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History and Governance

The History of CONECT and Its Leadership 

The work that led to CONECT began several years ago when a group of pastors and rabbis gathered to explore the vitality of their congregations and the struggles of their members.  Relationships were built both within congregations, and among institutional leaders. With the aid of a professional organizer, this clergy group began to explore the concept of community organizing, as a way of continuing to create relationships and have a place to go with their shared concerns.

Each institution then held small group meetings directly with their members to identify the issues impacting congregants and families. The compelling stories shared made clear that there were many common themes that cut across faith traditions, ethnicities, and economic status in Fairfield and New Haven Counties CT. These themes were also echoed in the experiences of similar organizing efforts in over 60 metropolitan areas in the U.S.

Leaders recognized the tradition of each institution providing programs to serve the community: the hungry and homeless, those suffering hardship from health, loss of homes and jobs, demands on families caring for the elderly, and many other social needs.  They also saw that these programs were only providing temporary assistance after the problems occurred. The programs did not help to change society in any way. These clergy realized that they could create greater impact by combining efforts to work at a higher level of policy change to prevent inequities before they occurred. They wanted to address them at the source, participate in discussions with state, corporate, and community leaders when policies are being made to work collaboratively toward solutions. All this without any pre-conceived agenda, ideology, partisanship or imposing one view vs. another. The intention was to serve as a voice for congregants’ real experiences, to make Connecticut a better place to live for all its residents.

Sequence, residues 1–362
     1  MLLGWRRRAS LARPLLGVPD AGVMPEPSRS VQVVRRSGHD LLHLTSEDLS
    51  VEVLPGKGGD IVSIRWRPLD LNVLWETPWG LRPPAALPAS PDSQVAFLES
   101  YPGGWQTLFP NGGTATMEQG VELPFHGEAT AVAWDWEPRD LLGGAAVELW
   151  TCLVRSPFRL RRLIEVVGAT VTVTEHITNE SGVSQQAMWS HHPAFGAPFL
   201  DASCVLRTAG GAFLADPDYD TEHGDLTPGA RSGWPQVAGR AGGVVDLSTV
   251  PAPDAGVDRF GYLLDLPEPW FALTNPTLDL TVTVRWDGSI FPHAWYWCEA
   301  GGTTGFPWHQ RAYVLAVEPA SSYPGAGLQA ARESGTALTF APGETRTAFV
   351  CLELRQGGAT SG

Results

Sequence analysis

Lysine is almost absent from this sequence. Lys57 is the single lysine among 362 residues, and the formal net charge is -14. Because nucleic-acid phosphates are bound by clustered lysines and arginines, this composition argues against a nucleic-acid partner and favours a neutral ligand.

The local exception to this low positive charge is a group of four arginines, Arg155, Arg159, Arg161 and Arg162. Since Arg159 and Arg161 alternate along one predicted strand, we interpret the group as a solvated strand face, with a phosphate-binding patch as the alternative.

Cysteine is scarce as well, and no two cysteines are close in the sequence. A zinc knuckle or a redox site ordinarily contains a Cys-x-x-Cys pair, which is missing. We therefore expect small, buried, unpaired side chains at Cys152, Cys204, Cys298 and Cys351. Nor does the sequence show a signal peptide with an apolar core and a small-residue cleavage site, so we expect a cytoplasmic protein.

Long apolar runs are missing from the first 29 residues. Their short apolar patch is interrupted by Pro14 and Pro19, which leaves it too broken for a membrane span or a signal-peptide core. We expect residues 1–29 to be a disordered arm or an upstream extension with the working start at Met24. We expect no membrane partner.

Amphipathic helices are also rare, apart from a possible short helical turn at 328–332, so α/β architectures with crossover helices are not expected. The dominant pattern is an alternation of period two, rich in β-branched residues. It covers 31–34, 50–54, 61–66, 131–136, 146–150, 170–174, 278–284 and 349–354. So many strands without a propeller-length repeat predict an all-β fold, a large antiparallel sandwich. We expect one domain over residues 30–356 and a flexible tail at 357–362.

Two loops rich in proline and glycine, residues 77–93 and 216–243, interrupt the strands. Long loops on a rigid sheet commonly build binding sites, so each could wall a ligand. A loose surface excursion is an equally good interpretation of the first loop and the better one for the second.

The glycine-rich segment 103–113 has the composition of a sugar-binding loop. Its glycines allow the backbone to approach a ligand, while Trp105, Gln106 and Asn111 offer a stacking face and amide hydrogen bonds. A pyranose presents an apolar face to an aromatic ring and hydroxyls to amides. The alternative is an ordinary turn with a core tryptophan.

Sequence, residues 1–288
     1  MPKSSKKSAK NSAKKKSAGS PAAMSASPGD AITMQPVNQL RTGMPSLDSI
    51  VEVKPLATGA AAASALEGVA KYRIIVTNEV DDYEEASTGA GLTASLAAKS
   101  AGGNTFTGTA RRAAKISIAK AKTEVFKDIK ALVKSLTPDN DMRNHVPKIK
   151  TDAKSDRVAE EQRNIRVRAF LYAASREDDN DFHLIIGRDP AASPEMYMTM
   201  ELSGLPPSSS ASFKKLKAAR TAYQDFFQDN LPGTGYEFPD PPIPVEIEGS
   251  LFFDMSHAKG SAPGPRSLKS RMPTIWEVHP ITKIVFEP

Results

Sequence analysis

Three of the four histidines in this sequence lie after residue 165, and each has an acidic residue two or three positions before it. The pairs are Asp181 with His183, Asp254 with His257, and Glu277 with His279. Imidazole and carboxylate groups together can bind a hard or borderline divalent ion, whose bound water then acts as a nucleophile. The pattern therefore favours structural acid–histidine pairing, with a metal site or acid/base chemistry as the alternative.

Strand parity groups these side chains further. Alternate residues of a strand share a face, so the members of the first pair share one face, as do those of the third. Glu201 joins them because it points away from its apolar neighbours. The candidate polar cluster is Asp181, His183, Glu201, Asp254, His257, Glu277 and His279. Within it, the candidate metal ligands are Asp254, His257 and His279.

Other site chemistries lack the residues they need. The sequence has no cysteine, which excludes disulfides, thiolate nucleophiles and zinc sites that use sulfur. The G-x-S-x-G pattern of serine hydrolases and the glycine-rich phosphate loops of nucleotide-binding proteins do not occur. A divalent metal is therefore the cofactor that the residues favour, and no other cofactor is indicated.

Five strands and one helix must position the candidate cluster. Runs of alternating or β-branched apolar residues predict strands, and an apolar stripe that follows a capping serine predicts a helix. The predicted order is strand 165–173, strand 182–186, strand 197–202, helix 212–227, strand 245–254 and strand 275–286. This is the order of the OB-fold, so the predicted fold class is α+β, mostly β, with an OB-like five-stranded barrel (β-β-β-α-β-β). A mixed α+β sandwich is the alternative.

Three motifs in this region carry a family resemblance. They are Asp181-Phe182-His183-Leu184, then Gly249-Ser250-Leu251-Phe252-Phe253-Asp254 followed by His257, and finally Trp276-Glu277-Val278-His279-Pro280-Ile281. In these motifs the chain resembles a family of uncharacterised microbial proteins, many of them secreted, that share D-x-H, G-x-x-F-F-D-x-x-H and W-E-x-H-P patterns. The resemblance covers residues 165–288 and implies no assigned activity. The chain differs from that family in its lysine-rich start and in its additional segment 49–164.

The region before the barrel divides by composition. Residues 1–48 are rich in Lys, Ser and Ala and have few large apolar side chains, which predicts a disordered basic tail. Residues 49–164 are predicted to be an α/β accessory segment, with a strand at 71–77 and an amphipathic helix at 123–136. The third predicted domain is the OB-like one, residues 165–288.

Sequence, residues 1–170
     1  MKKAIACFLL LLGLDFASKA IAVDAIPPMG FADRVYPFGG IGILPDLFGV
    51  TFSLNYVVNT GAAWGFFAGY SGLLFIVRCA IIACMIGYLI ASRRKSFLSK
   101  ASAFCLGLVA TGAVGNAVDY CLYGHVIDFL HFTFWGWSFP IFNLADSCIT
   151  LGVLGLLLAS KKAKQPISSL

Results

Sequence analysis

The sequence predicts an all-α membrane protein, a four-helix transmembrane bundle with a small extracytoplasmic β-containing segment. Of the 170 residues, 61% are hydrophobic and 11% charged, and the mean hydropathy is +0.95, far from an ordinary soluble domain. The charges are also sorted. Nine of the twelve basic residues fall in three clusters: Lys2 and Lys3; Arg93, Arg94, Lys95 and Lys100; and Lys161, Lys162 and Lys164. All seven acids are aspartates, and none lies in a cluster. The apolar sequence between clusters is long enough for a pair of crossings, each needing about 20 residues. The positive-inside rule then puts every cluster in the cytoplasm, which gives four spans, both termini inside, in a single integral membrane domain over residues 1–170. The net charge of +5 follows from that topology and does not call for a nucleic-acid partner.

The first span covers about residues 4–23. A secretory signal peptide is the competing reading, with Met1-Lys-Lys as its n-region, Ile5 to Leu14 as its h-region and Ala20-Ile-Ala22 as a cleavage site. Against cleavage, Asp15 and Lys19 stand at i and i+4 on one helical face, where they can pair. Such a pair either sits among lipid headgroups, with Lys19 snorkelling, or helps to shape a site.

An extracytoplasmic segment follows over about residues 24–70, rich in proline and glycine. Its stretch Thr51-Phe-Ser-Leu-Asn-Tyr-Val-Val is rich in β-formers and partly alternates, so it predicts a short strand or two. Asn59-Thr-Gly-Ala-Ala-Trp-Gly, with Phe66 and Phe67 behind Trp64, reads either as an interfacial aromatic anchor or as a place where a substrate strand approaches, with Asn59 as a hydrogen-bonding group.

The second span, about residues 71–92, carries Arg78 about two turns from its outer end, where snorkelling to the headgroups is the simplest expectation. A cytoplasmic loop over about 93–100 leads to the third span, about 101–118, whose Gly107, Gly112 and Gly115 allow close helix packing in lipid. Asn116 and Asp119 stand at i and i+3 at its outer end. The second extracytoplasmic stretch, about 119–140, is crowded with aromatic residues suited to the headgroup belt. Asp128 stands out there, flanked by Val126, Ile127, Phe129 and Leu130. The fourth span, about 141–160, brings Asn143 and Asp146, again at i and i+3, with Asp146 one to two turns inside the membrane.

In 2008 the fledgling CT organization was incorporated as a non-profit 501c3. By October 2010 their power was tested at a public meeting – held between 1,100 members (of what was then called the CT Sponsoring Committee) – and candidates from both parties running for state-wide office in CT.  The new organization achieved recognition from the candidates, and their agreement that, if elected, they would meet with CT Committee’s leaders. Meanwhile, volunteers from member institutions had been researching opportunities for positive change, in issues identified by members as initial priorities. These top priority issues, ongoing, are: access to affordable health care, equal access to education financing, and the elimination of predatory lending practices as they relate to consumer debt.

In the spring of 2011, the organization was renamed “CONECT” and the official Founding of the organization was planned for fall, 2011.

The governance structure is established as a Strategy Committee of 20-25 volunteer leaders and an Executive Committee composed of three clergy and three lay leaders. They oversee the activities of a number of volunteer run teams involved in both policy issues and the ongoing operations of the organization.  Together these are supported by a full-time paid organizer, a part-time paid administrator, and a part-time lead organizer (who works with a New England sister organization – the Greater Boston Interfaith Organization (GBIO),which is affiliated with the Industrial Areas Foundation (IAF).